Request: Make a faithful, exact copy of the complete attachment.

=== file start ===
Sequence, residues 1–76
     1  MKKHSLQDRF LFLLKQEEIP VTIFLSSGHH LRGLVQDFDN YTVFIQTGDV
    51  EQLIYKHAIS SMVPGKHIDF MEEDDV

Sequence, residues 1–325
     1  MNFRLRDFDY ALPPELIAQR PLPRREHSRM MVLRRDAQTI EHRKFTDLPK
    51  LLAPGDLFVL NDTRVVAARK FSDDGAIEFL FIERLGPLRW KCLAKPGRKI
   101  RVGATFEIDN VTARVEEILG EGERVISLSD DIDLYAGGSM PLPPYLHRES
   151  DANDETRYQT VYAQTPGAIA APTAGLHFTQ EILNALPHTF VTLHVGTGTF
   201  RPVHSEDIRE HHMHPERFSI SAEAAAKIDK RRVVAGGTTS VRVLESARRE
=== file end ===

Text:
Sequence, residues 1–76
     1  MKKHSLQDRF LFLLKQEEIP VTIFLSSGHH LRGLVQDFDN YTVFIQTGDV
    51  EQLIYKHAIS SMVPGKHIDF MEEDDV

Sequence, residues 1–325
     1  MNFRLRDFDY ALPPELIAQR PLPRREHSRM MVLRRDAQTI EHRKFTDLPK
    51  LLAPGDLFVL NDTRVVAARK FSDDGAIEFL FIERLGPLRW KCLAKPGRKI
   101  RVGATFEIDN VTARVEEILG EGERVISLSD DIDLYAGGSM PLPPYLHRES
   151  DANDETRYQT VYAQTPGAIA APTAGLHFTQ EILNALPHTF VTLHVGTGTF
   201  RPVHSEDIRE HHMHPERFSI SAEAAAKIDK RRVVAGGTTS VRVLESARRE